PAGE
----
Faculty Suggestions on How to Deal with Additional Budget Shortfalls




The faculty recognizes the severity of the present budget problems due to the nationwide economic crisis. It is hoped that all affected parties, the taxpayers of Oklahoma, the students and the employees of the University, would be willing to share in the pain of solutions to this situation. As faculty members we are part of these groups and expect to do our part in this crisis. We do not believe retrenchment in any form is desirable, and sharing the pain should not be considered as approval.


The missions of the University are instruction, scholarship, and service. As faculty members, those missions are our preeminent responsibility. No other group has the same insight to these missions and the same sustained interest in them as the faculty. We must participate in identifying responses to the current crisis so that damage to the University’s instruction, scholarship, and service roles is held to a minimum. Further, the faculty must implement any responses in such a way that, when the budget resumes its growth, the University can repair itself and its missions as quickly as possible. It will be challenging to design budgetary responses that provide a framework for expansion of the teaching, scholarship, and service missions when the quest can finally be resumed, allowing the University to continue its progress relative to its peers.                


Thoughts and Suggestions


We need to manage the present crisis and minimize all losses. Starting in 1982, the budget crisis with associated furloughs abruptly ended the solid growth of the previous years for the University (attached). The resulting loss of faculty by 16% from 1982 to 1986 led to increased student-faculty ratios and a drop in research productivity. It is essential that damage to the University be held to a minimum at this juncture.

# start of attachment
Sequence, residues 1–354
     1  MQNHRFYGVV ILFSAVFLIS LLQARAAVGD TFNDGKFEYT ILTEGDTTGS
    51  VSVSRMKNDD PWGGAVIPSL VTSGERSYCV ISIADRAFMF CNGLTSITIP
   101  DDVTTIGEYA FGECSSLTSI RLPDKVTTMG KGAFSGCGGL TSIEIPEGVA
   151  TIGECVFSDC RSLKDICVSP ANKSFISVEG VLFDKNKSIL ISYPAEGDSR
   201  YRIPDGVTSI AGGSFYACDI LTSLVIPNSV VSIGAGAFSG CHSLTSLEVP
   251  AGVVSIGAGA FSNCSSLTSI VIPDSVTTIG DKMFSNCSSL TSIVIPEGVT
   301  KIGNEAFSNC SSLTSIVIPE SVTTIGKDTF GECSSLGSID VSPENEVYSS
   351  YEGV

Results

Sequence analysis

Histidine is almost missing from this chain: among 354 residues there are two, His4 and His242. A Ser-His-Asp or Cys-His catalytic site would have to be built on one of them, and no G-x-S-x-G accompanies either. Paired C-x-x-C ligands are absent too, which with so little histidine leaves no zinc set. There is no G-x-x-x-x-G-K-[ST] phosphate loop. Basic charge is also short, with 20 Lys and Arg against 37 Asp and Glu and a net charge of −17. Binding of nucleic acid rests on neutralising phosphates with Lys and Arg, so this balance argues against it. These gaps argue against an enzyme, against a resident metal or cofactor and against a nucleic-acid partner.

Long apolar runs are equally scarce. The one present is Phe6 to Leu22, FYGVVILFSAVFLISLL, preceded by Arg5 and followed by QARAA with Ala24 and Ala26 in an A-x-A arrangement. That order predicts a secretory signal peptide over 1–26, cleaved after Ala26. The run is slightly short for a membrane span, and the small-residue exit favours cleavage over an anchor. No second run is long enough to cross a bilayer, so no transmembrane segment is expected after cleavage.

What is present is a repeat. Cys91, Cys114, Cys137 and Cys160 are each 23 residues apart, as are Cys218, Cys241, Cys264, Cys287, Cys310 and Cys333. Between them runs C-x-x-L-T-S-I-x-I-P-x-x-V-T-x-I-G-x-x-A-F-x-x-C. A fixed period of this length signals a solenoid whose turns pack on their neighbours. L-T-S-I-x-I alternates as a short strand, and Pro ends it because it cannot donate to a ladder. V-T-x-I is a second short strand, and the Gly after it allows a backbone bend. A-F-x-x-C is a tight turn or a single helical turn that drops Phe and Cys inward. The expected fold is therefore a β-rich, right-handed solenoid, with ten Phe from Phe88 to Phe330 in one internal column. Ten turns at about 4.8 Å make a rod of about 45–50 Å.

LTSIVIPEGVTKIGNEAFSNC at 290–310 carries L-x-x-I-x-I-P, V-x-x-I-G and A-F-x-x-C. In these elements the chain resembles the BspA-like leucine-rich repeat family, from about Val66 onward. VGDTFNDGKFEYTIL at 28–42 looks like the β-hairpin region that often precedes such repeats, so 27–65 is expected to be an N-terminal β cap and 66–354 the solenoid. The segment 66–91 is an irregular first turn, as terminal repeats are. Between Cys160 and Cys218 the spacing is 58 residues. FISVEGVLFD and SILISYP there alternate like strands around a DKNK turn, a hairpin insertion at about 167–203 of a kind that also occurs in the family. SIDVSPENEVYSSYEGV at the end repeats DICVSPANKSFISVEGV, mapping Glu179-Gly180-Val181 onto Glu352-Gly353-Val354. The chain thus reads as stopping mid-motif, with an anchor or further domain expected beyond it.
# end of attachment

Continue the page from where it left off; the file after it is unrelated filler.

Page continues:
As seen in the mid-eighties, laying off faculty to meet budget shortfalls, even on a temporary basis, risks severe damage to the university. Laying off tenure-track faculty would be catastrophic, severely impacting hiring and retention for many years to come. On the other hand, adjunct faculty teach large numbers of students in important service courses on small salaries. Reductions in this teaching resource would lead either to increased class sizes in essential courses (with associated insufficient enrollment spaces), or to increased regular faculty teaching loads. Increased class sizes are known to decrease the quality of instruction. If faculty members have to teach more courses for the same number of students, their research productivity will necessarily decrease. Since research funding ($60,153,000 without CCE and instruction) and tuition/fees ($56,856,000 without CCE and Tulsa) make up about the same amounts in the budget, the non-State provided income to the university would invariably drop, further aggravating the budget situation.


Any temporary increases in teaching loads of regular faculty should be made with the commitment that relief - and if possible compensatory temporary teaching reductions - will be provided as soon as the budget crisis is alleviated. Units should consider the impact of increased faculty teaching loads in their annual evaluations. Temporary loans of faculty from other departments and/or external organizations could help relieve overload.